autor; author / autoría; authorship
Autor and “author” are obviously cognates when they describe the creator of a literary or artistic work: el autor de la novela (“the author of the novel”). Thus, for example, the expression derechos de autor refers to “copyright,” while derechos morales de autor are an author’s “moral rights.” In this context, autoría is indeed “authorship” (the fact of having authored or created a literary or artistic work), coautoría denotes “co-authorship,” and coautores are “co-authors.”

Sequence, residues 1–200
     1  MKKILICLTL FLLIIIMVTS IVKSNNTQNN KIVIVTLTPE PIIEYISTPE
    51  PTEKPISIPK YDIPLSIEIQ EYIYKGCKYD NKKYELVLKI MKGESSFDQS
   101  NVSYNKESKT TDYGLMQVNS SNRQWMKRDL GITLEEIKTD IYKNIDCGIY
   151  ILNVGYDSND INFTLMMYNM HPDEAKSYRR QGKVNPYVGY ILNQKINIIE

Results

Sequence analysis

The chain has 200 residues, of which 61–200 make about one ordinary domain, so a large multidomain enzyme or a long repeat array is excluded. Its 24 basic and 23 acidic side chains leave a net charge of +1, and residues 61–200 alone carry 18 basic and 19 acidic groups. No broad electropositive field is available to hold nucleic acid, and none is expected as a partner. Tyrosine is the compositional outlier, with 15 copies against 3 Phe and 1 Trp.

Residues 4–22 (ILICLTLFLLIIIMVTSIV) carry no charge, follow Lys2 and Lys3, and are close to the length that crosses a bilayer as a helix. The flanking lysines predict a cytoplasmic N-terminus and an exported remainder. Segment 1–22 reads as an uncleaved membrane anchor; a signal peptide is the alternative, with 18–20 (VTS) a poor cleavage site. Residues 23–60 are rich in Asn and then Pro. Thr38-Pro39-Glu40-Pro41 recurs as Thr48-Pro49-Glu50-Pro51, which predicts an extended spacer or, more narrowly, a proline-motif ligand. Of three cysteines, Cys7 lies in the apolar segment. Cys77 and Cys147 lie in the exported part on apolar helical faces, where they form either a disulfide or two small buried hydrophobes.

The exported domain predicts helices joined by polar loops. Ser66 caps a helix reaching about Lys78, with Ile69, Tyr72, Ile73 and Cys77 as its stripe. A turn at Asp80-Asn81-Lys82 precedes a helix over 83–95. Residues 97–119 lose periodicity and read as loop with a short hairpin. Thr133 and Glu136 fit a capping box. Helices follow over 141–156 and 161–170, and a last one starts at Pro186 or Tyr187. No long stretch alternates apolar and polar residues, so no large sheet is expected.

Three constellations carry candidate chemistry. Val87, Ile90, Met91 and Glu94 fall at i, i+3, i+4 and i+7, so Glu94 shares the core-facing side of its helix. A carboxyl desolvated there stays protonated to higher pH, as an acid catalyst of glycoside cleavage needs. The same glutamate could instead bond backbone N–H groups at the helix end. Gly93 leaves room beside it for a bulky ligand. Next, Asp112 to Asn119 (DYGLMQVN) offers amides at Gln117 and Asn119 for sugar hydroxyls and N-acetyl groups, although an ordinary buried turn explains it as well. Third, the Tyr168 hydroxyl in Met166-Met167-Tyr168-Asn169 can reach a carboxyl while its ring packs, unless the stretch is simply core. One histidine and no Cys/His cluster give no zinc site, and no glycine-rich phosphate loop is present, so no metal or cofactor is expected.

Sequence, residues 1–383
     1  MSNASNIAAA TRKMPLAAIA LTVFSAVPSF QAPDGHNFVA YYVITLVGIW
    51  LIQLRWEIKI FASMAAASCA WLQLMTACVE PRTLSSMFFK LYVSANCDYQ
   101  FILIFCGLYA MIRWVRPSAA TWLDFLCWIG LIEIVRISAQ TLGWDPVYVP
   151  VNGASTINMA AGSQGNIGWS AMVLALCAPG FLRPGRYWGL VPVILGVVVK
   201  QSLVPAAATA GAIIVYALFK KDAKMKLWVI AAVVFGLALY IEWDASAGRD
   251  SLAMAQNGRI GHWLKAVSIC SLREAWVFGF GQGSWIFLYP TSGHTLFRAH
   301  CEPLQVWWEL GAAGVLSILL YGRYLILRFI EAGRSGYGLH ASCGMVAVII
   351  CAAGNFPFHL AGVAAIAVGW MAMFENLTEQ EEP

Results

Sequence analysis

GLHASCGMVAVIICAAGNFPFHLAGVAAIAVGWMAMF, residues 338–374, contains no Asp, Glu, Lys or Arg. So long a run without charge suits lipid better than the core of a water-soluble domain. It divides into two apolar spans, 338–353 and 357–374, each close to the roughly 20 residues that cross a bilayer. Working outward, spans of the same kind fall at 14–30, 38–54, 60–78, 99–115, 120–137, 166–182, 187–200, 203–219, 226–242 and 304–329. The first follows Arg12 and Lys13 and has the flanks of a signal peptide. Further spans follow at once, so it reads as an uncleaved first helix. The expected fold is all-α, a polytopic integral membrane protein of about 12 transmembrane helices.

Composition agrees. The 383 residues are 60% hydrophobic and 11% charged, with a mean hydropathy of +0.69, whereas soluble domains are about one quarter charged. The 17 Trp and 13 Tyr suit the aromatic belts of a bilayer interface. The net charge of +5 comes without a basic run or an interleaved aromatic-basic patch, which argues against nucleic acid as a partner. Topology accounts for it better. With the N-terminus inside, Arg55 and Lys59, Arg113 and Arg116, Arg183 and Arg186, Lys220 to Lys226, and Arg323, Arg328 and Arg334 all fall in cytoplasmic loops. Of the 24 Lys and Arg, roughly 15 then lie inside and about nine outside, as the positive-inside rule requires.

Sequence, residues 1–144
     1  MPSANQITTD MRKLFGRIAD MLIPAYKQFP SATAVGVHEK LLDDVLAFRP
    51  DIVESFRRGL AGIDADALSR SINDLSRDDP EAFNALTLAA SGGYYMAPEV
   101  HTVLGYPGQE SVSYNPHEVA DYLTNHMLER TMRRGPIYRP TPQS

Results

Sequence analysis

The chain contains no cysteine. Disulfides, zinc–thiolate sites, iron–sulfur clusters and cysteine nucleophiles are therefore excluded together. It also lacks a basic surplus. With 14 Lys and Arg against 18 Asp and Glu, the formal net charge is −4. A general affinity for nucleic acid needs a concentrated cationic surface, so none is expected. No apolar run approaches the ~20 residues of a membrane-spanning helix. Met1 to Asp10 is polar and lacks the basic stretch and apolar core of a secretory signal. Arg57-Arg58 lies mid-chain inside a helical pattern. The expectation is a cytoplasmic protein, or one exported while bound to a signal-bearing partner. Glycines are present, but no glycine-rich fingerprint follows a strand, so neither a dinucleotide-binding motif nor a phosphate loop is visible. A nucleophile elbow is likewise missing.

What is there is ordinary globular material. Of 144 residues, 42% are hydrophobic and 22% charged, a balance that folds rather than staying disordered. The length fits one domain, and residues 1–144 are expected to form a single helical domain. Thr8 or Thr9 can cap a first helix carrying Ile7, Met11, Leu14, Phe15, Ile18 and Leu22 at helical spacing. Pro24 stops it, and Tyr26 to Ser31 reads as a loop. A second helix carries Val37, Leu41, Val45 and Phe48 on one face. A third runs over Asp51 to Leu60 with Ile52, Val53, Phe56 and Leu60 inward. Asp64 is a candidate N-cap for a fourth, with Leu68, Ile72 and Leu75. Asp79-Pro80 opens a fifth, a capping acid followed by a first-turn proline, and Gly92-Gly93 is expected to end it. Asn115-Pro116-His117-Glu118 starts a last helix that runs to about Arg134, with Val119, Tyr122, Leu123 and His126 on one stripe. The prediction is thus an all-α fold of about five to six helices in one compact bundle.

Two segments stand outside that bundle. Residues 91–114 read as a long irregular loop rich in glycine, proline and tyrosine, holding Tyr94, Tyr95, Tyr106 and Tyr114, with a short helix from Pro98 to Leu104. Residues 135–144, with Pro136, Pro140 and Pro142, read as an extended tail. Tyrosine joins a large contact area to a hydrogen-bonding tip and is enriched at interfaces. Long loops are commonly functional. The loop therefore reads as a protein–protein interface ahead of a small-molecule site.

In contrast, in Spanish criminal law contexts el autor (de un delito) is the “principal” or “perpetrator” of a crimal offense. A distinction is often drawn between the autor material or ejecutor (the person who actually commits the offense) and autor intelectual (the “brains” or “mastermind” behind a crime). Likewise, an autor mediato uses an innocent third party (for example, a minor or mentally incompetent person) as an instrument to execute a crime. In this context, autoría refers to the fact of being directly responsible for the perpetration of a crime, while coautoría denotes the commission of a crime by two or more principals who are, thus, coautores (“co-principals” or “co-perpetrators”) of the offense.